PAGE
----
“Original Sin was an oversized American bailout. This has contributed both to higher production but also to higher prices, ”said Jason Furman, a Harvard economist who chaired the White House Council of Economic Advisers under President Barack Obama.

This worries some prominent Democrats about the price drawbacks of the president’s ambitious spending program, complicating Mr Biden’s approach.

West Virginia Senator Joe Manchin III, a centrist, has repeatedly cited soaring inflation as insisting that Mr Biden reduce what had been a $ 3.5 trillion effort to extend the safety net social.

Mr Biden has attempted to argue that investments in his spending bill will moderate price increases over time. But he struggled to identify the things he can do right away to ease the pain highly publicized price spikes, such as gasoline. Some in his administration have lobbied to mobilize the National Guard to help decongest ports teeming with imports awaiting delivery to consumers across the country. Mr Biden raised the possibility of tapping the strategic oil reserve to modestly increase oil supplies, or negotiating with oil producers in the Middle East to ramp up.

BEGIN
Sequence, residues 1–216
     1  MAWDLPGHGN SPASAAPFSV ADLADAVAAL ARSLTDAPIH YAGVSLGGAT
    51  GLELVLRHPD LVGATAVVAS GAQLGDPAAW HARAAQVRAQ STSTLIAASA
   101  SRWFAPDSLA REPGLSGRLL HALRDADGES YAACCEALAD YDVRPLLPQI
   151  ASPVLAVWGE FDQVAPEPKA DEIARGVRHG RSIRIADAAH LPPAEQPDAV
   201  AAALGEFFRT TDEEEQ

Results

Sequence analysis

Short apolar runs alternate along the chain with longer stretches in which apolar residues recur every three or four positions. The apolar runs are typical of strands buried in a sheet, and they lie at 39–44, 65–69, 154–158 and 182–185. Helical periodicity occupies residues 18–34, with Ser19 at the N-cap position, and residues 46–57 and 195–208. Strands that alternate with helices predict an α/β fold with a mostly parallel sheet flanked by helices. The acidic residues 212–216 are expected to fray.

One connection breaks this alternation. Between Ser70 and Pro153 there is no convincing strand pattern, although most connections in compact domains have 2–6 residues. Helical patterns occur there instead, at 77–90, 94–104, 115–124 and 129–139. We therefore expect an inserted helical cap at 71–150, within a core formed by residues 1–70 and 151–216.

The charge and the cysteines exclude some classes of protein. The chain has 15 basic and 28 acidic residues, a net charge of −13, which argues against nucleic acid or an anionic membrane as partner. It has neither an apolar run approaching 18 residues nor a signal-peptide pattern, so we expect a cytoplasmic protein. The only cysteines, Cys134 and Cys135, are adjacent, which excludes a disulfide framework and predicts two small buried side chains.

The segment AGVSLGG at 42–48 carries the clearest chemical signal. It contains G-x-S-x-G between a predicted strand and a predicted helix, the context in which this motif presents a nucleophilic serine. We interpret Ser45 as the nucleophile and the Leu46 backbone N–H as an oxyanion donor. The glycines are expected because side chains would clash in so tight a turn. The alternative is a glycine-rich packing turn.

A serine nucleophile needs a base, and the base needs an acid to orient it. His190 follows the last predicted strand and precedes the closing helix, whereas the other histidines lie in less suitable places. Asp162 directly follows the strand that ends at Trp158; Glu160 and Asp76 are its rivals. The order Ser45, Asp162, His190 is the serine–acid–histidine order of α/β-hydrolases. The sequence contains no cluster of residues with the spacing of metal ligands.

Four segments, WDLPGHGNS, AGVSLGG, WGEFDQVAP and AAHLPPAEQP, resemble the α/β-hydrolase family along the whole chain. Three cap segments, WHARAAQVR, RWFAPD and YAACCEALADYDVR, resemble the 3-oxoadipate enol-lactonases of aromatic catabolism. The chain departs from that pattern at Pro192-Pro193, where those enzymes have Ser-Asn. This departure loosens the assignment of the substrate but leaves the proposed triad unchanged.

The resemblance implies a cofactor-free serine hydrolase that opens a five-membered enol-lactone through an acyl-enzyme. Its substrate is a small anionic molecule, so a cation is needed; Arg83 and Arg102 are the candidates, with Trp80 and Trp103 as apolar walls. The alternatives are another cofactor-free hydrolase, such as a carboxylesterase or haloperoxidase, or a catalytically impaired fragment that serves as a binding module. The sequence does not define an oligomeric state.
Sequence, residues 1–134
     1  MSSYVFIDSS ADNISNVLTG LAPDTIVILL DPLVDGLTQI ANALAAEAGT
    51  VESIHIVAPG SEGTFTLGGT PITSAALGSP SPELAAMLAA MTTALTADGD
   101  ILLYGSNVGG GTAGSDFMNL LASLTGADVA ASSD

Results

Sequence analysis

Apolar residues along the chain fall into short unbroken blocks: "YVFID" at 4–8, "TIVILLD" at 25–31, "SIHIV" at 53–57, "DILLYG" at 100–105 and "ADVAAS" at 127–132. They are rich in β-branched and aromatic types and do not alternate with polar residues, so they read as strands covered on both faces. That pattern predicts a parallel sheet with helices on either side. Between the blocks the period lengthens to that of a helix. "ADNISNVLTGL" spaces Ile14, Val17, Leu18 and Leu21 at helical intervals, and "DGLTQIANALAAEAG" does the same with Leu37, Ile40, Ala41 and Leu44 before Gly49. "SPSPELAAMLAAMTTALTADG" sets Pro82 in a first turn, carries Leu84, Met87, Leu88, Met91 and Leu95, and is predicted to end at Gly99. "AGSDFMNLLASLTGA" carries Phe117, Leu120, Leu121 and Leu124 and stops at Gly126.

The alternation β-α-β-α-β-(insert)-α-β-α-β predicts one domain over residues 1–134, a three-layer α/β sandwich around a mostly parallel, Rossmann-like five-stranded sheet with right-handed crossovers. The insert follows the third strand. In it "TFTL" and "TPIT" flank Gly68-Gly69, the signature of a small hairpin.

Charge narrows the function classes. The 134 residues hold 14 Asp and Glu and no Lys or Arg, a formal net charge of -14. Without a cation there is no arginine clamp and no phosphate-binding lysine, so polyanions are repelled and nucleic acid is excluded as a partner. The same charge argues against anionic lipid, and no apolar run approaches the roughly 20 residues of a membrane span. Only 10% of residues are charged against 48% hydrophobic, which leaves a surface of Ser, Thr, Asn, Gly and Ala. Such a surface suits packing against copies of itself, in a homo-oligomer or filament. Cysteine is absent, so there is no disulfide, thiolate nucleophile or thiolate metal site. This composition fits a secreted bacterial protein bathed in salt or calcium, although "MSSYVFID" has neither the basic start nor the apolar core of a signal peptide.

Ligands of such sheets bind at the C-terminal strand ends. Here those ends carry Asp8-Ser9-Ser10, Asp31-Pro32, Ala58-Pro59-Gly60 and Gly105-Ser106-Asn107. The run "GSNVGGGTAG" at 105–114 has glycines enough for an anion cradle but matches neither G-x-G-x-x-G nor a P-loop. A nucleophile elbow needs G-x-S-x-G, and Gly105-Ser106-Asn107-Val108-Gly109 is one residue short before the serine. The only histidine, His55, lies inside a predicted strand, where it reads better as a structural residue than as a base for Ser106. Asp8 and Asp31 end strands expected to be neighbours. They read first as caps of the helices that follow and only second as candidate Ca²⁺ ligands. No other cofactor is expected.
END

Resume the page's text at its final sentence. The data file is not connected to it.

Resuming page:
At a CNN town hall last week, Mr Biden conceded the limits of his power, saying, “I have no short-term answer” to bring down gas prices, which he does not know. don’t expect to start declining until next year.

“I don’t see anything happening in the meantime that will significantly reduce gas prices,” he said.

Janet L. Yellen, Secretary of the Treasury, told CNN’s “State of the Union” on Sunday that she expects the headline inflation rate to improve “by the middle to the end of the year. next, the second half of next year “.

With an American audience that has spent nearly 40 years without seeing – or worrying about – inflation, the question offers an opening for the opposition. Republicans have reversed the price spike into a weapon against Mr. Biden’s economic policies, warning that increased spending would exacerbate the pain of ordinary Americans.

“It’s everywhere,” said Representative Kevin Brady of Texas, the Ways and Means Committee’s top Republican, in an interview. “You can’t live your life without seeing your paycheck buy less. “